system was taken from my recently
retired 12 lb robot Apollyon, which
used 18 volt Dewalt drills for
locomotion. Using these motors with
a six-cell LiPo battery would mean
approximately 3 HP in the drive
system, and when geared for a travel
speed of 10. 5 ft/s, it would reach that
speed in as little as one second.
With the drive system figured out,
the next major design element
was weight balancing. With the
small chassis size and rigid
limitations as to how thick the
armor would be, the first
decision was to use steel as the
primary structural material.
Using steel had several benefits.
The relatively high density meant
it would need smaller design
changes to get the same shift in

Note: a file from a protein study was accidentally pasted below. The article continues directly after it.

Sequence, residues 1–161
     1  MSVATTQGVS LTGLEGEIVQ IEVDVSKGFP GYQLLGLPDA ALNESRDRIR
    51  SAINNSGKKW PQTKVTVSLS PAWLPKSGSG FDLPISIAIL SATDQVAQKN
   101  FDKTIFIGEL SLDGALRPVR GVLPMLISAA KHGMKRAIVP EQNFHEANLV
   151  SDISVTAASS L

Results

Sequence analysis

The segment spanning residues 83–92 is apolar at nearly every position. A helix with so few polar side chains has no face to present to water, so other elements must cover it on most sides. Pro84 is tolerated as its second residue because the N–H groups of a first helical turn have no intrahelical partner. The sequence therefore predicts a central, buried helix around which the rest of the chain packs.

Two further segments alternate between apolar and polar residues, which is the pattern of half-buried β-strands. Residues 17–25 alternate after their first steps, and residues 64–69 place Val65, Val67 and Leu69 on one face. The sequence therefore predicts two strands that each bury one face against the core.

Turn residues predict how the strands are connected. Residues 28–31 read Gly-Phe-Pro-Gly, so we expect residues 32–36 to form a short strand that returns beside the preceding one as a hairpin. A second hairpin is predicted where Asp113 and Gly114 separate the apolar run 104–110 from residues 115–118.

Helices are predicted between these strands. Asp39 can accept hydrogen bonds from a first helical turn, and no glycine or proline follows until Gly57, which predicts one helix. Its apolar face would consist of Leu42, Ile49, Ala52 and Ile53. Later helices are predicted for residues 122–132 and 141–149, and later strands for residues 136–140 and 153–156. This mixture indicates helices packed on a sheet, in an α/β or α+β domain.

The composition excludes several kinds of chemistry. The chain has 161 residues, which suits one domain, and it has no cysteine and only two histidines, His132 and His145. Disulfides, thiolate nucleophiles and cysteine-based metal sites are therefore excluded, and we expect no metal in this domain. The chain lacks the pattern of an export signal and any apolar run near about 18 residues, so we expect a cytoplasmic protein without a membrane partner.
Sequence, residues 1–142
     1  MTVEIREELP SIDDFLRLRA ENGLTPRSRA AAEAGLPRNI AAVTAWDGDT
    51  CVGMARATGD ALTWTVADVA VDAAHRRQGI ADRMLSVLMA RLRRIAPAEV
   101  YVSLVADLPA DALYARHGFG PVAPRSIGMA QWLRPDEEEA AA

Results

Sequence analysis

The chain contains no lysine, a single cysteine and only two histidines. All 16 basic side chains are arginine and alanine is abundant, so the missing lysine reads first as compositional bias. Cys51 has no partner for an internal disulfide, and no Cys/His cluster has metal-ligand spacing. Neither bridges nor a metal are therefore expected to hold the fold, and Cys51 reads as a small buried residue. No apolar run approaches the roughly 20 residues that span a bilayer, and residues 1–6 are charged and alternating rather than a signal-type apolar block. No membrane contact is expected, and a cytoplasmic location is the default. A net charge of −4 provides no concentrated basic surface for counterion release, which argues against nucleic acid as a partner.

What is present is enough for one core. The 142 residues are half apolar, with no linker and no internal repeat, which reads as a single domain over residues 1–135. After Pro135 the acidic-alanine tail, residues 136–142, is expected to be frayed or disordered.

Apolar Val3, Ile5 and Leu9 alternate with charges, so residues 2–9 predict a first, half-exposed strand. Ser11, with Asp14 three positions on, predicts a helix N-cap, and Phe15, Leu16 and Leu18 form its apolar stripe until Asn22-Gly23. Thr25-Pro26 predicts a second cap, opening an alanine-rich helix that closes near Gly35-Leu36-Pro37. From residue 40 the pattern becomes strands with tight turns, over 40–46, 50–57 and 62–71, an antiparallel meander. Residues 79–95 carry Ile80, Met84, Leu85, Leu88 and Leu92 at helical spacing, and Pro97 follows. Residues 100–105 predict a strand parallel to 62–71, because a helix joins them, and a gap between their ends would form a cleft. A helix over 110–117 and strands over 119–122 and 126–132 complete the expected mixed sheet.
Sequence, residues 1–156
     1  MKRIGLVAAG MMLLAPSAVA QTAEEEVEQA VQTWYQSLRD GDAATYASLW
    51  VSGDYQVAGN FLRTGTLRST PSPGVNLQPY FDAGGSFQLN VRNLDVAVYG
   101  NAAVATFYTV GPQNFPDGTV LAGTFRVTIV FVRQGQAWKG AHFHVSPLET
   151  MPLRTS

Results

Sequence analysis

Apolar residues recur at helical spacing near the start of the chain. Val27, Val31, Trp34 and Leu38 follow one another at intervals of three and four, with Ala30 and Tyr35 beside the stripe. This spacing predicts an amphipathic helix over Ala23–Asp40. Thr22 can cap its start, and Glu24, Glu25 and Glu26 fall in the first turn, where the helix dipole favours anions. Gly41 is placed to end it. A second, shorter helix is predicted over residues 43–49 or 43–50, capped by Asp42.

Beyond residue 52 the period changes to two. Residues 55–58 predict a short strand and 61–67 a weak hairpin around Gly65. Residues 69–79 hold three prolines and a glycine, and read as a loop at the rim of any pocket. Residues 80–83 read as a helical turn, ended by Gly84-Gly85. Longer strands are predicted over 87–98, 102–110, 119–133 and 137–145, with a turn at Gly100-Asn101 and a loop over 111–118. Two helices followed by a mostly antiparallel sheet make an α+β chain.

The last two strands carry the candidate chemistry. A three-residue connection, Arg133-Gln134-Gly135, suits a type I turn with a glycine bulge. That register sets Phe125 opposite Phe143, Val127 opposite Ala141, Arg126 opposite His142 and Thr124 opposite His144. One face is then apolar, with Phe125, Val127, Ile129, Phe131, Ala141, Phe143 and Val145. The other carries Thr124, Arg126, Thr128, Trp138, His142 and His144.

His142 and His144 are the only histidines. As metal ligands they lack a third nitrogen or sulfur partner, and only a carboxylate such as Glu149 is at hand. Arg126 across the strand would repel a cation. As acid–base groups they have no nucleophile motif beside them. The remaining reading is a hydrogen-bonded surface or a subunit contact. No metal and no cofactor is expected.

the center of gravity, and using
steel meant that the chassis
could be welded into several
major sections which would
result in a very durable chassis.
The main body of the robot
is a mix of 1/4”, 1/8”, and
1/16” 4130 steel plate with
1/4” steel plate making up the
back plate, optional axle
wedges, inner side rails, and
outer side rails. The 1/8” steel
plate was used for the front
plate and the weapon
mounting bracket. The 1/16”
steel plate was used for the top
and bottom armor. All three
plates were also used for
portions of the various weapon
With the chassis cut and welded,
the next step was the assembly of the
drive system, which also led to the
discovery of a small but nearly
disastrous design flaw. When the drive
system assembly was planned, the
decision to weld the majority of the
chassis together had not yet been
made. When it came time to assemble
SERVO 04.2014 29
FIGURE 1. Model of the main chassis showing a generic attachment arm.
FIGURE 2. Waterjet cut steel plate used in the assembly of Spanky.
FIGURE 3. The back plate and outer side plate assembled prior to welding.